As with everything else digital these days, the Native Advertising evolution needs to extend into the mobile and tablet space. Sponsored apps are a no-brainer, as they can offer value in functionality as well as content e.g. a currency company could (and probably somewhere already does) offer a sponsored currency conversion app or travel guides. The responses from a 2014 survey suggest there will be growth in native ads within mobile.

9.It's Revenue Generating

We wouldn't be talking about this at all if it wasn't revenue generating. Considering that native advertising is so broad, it would be strange if it didn't generate revenue as it seems to encompass so many forms of online advertising! Still, I feel I should mention this point as at the end of the day, it's all about the money.

10.The Forecast is Great

In a world where interruptive advertising is facing extinction, you can only imagine that brand dollars will flow in the direction of added value and contextual relevance. In fact, brands expect to spend a quarter of their budgets on Native Advertising. The implication for agencies will be hiring and training in this area, though many agencies already have some form of capability in this area. According to research from IPG media lab, native ads are viewed the same amount of time as editorial content and is much more likely to be shared than a banner ad (32% versus 19%).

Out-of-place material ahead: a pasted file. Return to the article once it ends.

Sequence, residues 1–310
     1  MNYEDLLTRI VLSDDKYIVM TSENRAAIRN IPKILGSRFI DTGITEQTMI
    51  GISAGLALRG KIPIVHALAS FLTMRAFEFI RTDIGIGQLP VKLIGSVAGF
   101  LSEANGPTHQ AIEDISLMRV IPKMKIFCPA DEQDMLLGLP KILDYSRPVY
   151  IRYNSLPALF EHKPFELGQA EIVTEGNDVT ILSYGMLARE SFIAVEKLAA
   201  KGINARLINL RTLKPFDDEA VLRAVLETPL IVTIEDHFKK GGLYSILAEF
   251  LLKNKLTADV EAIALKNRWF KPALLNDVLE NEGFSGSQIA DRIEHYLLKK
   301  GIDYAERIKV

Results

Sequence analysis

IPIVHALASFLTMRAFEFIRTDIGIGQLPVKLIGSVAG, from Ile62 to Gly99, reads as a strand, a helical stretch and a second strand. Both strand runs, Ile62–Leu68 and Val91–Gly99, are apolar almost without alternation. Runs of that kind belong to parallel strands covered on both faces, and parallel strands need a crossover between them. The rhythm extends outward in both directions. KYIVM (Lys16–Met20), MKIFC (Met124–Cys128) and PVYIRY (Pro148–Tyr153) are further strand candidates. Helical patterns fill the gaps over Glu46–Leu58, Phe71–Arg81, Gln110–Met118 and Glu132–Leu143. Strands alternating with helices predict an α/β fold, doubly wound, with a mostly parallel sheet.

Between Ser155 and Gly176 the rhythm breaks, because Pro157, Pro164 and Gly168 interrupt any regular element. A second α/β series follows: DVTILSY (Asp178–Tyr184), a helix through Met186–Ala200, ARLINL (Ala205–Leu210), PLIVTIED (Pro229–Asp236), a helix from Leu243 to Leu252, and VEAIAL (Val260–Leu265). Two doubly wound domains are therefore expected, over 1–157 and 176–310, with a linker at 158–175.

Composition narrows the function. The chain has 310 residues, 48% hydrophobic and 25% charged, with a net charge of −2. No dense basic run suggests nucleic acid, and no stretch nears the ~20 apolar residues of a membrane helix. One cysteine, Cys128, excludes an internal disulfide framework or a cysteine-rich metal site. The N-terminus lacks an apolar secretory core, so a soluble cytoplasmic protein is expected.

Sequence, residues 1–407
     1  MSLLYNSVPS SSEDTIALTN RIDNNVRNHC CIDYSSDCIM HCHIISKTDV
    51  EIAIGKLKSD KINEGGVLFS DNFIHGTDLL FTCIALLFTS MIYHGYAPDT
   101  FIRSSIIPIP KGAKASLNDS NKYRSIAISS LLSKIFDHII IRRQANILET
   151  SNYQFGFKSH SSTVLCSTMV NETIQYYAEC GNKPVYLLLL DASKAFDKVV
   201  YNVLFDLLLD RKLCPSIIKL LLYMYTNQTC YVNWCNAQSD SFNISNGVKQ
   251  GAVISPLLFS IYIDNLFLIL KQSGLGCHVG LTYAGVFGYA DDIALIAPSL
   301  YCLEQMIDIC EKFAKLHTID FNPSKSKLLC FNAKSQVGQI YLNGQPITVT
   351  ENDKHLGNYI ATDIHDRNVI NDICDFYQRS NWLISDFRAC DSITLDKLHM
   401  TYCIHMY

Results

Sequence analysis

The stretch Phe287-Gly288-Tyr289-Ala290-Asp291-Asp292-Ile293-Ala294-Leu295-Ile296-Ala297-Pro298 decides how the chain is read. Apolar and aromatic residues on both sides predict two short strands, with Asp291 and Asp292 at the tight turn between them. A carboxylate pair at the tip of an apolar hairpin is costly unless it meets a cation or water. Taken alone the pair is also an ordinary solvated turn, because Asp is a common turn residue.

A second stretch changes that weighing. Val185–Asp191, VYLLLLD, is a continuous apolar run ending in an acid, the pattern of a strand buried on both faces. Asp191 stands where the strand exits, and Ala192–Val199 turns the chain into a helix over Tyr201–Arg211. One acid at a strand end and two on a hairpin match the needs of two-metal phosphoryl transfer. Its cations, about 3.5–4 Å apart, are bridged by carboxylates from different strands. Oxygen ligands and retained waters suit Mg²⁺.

11.Creativity is the Missing Piece of the Puzzle

In my opinion, there is still limited creativity in the delivery of native advertising in the interplay between engaging experiences, added value and brands. The creative agencies are missing from the love triangle probably due to the complexity. I think there is a big opportunity in this area for creative growth. Never before has there been such an array of powerful interactive resources to wow consumers using video, content and social while bringing brand values to life in a tangible and meaningful way. Watch this space! The big question is who will discover this first and being able to pull this off to win the Native Advertising race for consumers' minds and hearts.

This article was compiled using the following sources: Wikipedia, #StateofNativeAdvertising2014 survey by Hexagram and Spada, "How Native Advertising Will Change in 2014" - Lucia Moses, Adweek; "What is Native Advertising Anyway" - Tony Hallet, Collective Content